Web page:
The Life Listener

There are parts of his past that are sad, so William Javier Velazquez does what he has been doing his entire life to ease the pain. He puts a record on the turntable.


Photo by Nancy A. Ruhling
Javi’s the owner of HiFi Records & Cafe.

The soul-soothing sound of Leon Bridges’ Coming Home is what people hear when they walk into HiFi Records & Café, which he opened earlier this year for fellow vinyl aficionados.

The first ears it reaches are those of his wife, Ülkü Aybar-Velazquez, and their year-old daughter, Maya, who have come to bring him a sandwich wrapped in silver foil.

“My life now is very happy,” he says, smiling at them.


Photo by Nancy A. Ruhling
HiFi’s on Steinway Street at 23rd Avenue.

William, who has a grizzled goatee and studious black glasses, was named for his father, a man he barely knows, which is why he goes by Javier. Everybody calls him Javi.

Javi, who was born in San Juan, Puerto Rico, spent the early years of his life in the Bronx, which is where his mother raised her six children by herself.

“She took the family back to Puerto Rico because she was having medical problems when she was pregnant with me, and she wanted to be close to her mother,” Javi says. “My dad never sent any money for us to return.”


Photo by Nancy A. Ruhling
Listening to records saved Javi’s life.

When Javi was 2, they did come back, taking up residence with two aunts and their children in a townhouse owned by Javi’s uncle.

“We didn’t have much, but we had each other,” he says.

At that time, the 1970s, the Bronx had a rep for gangs, drugs and murders.


Photo by Nancy A. Ruhling
Most of HiFi’s 6,000 records are vintage.

Javi was not allowed to play outside, so he tuned in to his older sisters’ records. Elton John, Joni Mitchell and Bob Dylan became his best friends.

“Those records were my window to the world,” he says. “By listening to them, I learned about relationships and heartbreaks. I was only 8, so I looked up all the big words in the lyrics in the encyclopedias my mother bought us.”

It was a good thing Javi found an escape from reality because his mother remarried. His stepfather was interested only in his own children, so Javi and a sister were sent to their grandmother in Comerío, Puerto Rico.


Photo by Nancy A. Ruhling
Javi was raised in the Bronx and Puerto Rico.

“It was during the summer,” he says. “I thought it was for a vacation, but my mother never came to get us.”

After a year, the two were sent to live with Javi’s father and his new wife in San Juan.

“They didn’t have children,” Javi says. “She wanted us, but my father didn’t like the arrangement and didn’t become part of my life.”

More and more, Javi turned on the turntable. But even that became a problem.

“My stepmother was highly Protestant and if it wasn’t church music, she thought it was the devil’s music,” he says. “I had good grades so she let me buy the records I wanted, but I had to wear headphones so she couldn’t hear it. Later, I bought a Walkman with a tape recorder. This made me even more isolated.”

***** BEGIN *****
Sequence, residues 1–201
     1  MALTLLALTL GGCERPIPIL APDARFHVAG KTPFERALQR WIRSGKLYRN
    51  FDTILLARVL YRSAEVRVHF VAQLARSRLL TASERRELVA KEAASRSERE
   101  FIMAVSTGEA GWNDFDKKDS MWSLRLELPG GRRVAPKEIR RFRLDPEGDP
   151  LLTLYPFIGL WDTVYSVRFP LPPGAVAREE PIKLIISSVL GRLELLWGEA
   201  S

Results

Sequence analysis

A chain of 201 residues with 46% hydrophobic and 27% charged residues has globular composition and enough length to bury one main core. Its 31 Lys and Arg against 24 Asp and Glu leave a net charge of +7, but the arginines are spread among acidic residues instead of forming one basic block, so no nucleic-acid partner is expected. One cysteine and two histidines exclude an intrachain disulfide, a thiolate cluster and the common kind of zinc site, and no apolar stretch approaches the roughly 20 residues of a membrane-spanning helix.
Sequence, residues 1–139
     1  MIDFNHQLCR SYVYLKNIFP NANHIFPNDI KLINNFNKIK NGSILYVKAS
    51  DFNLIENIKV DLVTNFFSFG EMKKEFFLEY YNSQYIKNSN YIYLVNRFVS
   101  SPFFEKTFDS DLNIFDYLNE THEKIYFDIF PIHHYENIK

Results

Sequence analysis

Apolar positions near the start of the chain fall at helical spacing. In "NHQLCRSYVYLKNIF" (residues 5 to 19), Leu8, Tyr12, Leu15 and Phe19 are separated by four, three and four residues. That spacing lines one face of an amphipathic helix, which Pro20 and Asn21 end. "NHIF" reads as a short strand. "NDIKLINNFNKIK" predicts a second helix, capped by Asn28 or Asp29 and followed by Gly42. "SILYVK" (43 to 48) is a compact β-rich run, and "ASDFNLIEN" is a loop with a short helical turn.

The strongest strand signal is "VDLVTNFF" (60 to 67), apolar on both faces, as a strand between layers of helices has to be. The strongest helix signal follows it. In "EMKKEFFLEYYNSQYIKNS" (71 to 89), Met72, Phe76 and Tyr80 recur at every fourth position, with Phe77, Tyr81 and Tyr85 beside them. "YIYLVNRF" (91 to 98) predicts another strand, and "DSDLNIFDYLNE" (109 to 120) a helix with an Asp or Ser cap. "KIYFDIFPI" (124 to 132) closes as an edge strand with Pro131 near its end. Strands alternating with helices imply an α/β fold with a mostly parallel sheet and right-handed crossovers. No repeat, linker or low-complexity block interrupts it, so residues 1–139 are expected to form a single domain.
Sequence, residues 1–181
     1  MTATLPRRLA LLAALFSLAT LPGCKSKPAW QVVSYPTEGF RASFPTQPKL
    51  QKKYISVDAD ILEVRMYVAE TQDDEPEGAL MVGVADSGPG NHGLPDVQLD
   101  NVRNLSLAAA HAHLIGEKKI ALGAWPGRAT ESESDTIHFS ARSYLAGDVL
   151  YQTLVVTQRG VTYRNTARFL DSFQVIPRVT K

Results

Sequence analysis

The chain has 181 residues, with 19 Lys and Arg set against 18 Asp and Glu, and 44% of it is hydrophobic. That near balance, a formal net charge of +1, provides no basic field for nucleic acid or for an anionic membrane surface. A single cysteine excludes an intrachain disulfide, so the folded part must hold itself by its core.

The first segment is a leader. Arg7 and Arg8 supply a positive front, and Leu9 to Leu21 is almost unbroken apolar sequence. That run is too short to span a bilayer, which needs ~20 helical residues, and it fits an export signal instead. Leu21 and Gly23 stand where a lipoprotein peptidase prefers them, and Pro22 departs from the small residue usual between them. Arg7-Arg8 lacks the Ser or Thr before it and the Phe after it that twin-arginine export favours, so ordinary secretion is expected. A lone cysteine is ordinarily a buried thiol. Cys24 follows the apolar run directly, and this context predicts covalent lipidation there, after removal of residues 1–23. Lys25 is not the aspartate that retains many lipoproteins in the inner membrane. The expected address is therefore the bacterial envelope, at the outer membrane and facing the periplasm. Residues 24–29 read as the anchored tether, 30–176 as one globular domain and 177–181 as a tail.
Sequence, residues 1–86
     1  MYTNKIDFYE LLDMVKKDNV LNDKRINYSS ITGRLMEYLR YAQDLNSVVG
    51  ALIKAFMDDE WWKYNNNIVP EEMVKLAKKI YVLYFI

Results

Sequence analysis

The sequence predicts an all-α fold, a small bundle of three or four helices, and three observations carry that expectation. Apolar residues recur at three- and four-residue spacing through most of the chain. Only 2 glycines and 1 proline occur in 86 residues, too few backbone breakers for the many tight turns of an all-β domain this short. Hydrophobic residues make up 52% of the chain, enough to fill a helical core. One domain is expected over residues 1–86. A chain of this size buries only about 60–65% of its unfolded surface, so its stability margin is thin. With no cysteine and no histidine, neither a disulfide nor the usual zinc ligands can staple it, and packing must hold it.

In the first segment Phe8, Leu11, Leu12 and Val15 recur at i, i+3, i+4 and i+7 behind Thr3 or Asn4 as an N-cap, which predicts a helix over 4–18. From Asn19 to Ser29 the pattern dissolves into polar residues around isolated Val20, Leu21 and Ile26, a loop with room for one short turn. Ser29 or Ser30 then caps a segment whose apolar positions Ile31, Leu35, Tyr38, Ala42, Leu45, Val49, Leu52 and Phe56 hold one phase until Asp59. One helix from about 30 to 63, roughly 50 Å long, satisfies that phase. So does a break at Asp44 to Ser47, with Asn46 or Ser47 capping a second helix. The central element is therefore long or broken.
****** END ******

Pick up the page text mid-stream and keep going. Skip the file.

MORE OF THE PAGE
In his free time, he took part-time jobs in record stores.


Photo by Nancy A. Ruhling
At HiFi, you can hang out, get a cup of coffee and listen.

“I heard my first CD in high school,” he says. “I didn’t like it. There’s something about putting the needle to the record that moves me.”

He never saw his mother again; she died when he was a teenager.

At 17, he joined the Air Force, which took him to Honduras, Panama and Saudi Arabia and exposed him to many different kinds of music.


Photo by Nancy A. Ruhling
Javi in the zone.

“I collected records wherever I was stationed,” he says.

Under the GI Bill, he earned a college degree and took a job with a corporation.

“I hated it,” he says, adding that early on in his career he was transferred to Miami. “But I kept working for various companies in the organization.”


Photo by Nancy A. Ruhling
HiFi opened during the summer.

He spent his free time in record stores and at vintage record shows. He didn’t have a wife or child then, but he did have room in his life for 35,000 albums.

“I was happiest when I was doing this,” he says.

In 2012, after overseeing the shutdown of a company in the corporation, Javi took a severance package and a work break.


Photo by Nancy A. Ruhling
Daddy and daughter.

The change came at the right time: Javi’s uncle, who lives in Colonia, New Jersey, was ill and needed his help.

“I owe him everything,” he says. “He was more like a father to me than my father.”


Photo by Nancy A. Ruhling
Embracing a new life.

While he was living in New Jersey, Javi met Ülkü, a textile engineer in the fashion industry who is from Adana, Turkey. It was she who brought him to Astoria.

“I lost myself to my love,” Javi says. “We dated for about a year, and I asked her father for her hand in marriage. She was visiting her parents in Turkey, so I did it on Skype. I don’t know Turkish, but I learned enough words to make this request.”

When Maya was born, Javi decided to open HiFi, the only shop in Astoria devoted to new and vintage vinyl albums.


Photo by Nancy A. Ruhling
Maya helping out at HiFi.

“I’ve always wanted to own a record store,” he says. “I figured I would do it when I retired. In my job as a project manager for a construction company, I have to travel a lot. But I want to be able to spend more time with Maya.”

She’s with him now, in fact. She’s on the floor, looking through plastic crates filled with albums.

“From the first time I heard her cry,” Javi says, “she gave my life purpose.”

Nancy A. Ruhling may be reached at; nruhling on Instagram.
Copyright 2015 by Nancy A. Ruhling